Most of us will recall that very often, as a child, our parents would holler at us to “move back from that television or you’ll get square eyes!”. (Does this ring any bells or was it just me!?)
Of course, as a child you don’t question the fact that it is not physically possible to ever get square eyes but I guess this term was not designed to be taken literally! Translating it, what parents were really saying was simply that sitting too close to the television was bad for your vision and could result in damage being caused to your eyes.
As it turns out though, our parents were wrong all along - or were they perhaps just guilty of telling us little white lies to stop us watching television?
Whatever their reasons, the fact of the matter is that a new report, published in the US, finds no evidence at all to show that close up activities such as frequent reading or sitting too close to the television can bring on myopia, or near-sightedness. But what it does intriguingly find is that it is now possible to predict the onset of myopia in children.
Myopia is the medical term for near-sightedness. It is one of the eye conditions that come under the heading of Refractive Errors.
Refraction is the bending of light, and this is what the cornea (the clear part at the front of the eye) does to the light that enters the eye. The spherical cornea is supposed to bend light evenly so that it hits one single point on the retina at the back of the eye to form a sharp image.
However, many people have irregularly shaped corneas, which do not bend or refract light evenly, so they have trouble forming a clear image. Essentially, because the light gets focused in front of the cornea rather than directly on it, objects that are far away appear to be blurry.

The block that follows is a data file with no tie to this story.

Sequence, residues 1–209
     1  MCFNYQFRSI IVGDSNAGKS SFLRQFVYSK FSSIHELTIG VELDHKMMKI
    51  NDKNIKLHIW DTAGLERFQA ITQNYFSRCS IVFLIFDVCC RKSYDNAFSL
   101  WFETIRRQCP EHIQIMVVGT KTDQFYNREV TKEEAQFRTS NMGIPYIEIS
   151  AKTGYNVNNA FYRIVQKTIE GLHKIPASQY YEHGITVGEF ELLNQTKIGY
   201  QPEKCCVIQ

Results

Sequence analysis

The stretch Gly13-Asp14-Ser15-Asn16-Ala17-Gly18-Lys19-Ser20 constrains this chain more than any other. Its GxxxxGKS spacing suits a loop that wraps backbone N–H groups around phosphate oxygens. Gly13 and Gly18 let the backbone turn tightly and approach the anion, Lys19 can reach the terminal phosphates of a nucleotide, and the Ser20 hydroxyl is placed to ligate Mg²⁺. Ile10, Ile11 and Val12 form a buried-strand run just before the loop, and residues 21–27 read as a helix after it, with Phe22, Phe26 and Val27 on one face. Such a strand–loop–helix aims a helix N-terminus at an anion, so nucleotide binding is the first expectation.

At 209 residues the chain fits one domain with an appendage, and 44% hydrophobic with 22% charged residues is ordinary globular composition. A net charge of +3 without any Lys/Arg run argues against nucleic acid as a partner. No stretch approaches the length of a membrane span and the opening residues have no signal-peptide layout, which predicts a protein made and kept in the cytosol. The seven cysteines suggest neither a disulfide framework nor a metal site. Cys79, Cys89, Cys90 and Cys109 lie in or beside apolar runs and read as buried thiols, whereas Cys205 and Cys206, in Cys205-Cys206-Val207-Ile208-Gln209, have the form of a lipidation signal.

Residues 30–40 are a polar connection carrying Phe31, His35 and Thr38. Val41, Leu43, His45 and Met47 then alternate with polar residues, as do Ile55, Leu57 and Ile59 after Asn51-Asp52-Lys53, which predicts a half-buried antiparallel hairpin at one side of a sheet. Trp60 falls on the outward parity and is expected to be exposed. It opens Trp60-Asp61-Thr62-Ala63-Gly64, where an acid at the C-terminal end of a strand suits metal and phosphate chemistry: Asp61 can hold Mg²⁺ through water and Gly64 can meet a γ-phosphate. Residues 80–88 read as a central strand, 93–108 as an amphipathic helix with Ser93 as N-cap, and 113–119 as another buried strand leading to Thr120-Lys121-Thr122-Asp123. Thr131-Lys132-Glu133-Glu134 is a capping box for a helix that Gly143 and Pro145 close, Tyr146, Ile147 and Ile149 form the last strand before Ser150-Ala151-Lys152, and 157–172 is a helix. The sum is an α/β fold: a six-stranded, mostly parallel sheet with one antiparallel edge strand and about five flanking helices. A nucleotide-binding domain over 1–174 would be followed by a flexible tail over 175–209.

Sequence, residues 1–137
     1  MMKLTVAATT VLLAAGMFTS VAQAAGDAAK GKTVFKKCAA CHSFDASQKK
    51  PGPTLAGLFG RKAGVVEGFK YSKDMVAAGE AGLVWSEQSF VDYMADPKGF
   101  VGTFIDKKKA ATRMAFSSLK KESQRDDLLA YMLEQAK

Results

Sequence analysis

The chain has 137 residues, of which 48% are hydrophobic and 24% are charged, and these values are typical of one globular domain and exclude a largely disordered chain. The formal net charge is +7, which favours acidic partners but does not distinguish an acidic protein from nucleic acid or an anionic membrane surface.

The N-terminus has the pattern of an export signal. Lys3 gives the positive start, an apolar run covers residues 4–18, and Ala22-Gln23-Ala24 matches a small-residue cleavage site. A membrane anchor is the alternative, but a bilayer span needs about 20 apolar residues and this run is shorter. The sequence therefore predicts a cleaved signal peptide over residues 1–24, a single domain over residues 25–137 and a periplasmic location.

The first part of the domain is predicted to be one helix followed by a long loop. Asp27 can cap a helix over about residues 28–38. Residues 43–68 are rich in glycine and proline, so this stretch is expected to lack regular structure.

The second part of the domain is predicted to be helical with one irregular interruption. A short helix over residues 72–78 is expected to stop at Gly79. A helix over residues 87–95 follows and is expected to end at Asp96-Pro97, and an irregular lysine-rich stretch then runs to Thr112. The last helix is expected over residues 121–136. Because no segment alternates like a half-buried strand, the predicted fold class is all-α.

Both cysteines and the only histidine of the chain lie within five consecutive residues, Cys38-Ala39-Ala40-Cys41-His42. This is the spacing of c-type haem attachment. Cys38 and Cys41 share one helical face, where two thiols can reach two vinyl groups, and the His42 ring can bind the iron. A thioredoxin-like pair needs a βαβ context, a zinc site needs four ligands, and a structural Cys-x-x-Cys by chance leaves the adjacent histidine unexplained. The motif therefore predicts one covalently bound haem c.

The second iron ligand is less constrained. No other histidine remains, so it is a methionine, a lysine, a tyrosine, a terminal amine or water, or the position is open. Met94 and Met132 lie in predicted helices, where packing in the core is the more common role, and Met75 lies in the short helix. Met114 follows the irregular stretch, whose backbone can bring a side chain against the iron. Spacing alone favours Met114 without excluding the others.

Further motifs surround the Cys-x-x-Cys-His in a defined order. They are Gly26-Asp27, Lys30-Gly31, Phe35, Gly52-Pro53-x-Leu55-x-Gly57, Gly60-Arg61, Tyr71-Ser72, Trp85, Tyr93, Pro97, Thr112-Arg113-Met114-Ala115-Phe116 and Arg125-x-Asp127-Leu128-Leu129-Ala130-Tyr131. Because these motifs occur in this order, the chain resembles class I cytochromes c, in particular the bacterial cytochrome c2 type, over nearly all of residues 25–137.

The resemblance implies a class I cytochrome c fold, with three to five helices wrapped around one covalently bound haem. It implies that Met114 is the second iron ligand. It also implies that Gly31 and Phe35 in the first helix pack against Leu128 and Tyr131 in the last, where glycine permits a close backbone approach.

Thankfully, myopia can now be easily, painlessly and very quickly corrected through laser eye surgery. Laser eye surgery will simply reshape the cornea, allowing light to focus on the retina so that you can once again form a sharp image, without having to rely on corrective eyewear.
Essentially, what we’re saying is that, instead of having to wear glasses or contact lenses to adapt your vision to cope with your myopia, a simple 10 minute laser eye surgery procedure can completely correct this problem for you.
The College of Optometry at the Ohio State University, first commenced its study into the onset of myopia (near sightedness) in children, and the underlying causes of myopia, 20 years ago way back in September 1989.
The objective of the study was simply “to determine the best set of predictors for myopia onset in school aged children”.
With this in mind, data was collected from 4,512 ethnically diverse, non- myopic school aged children from grades 1 through to 8.
The result of this study is truly ground-breaking by virtue of the fact that it has now identified a single test that can predict which kids will become near-sighted by eighth grade.
And that test is simply this: that future myopia can be predicted in a non-myopic child using a single measure of refractive error.
The study evaluated 13 potential risk factors for near-sightedness, in order to determine the strongest single predictor or set of predictors that could identify those children most likely to develop myopia; these included physical measurements of the eye, as well as reports from parents about their children's activities.
Of these 13 potential risk factors, the report determined that 8 of these did actually increase the likelihood of kids developing the onset of myopia / near-sightedness.
One important risk factor established was having two near-sighted parents but equally, the most surprising and notable exception from risk factors were activities that involved near-work (close up activities such as reading and watching television).
In people with myopia, what happens is that the typically spherical eyeball in fact becomes oval shaped which therefore distorts the vision.
However, the finding of this study clearly shows that kids who will grow up with normal vision are actually slightly far-sighted when they are in first grade. This means that the potential for future myopia can be detected at this very young age via a refractive error measure that reveals little to no far-sightedness.
So in real terms then, the findings of this report clearly show that a 6-year-old child with less far-sightedness is at a higher risk of developing myopia sooner.
And furthermore, if every child was to have an examination before starting school, refractive error could be assessed which would help to predict whether a child will at some point develop myopia.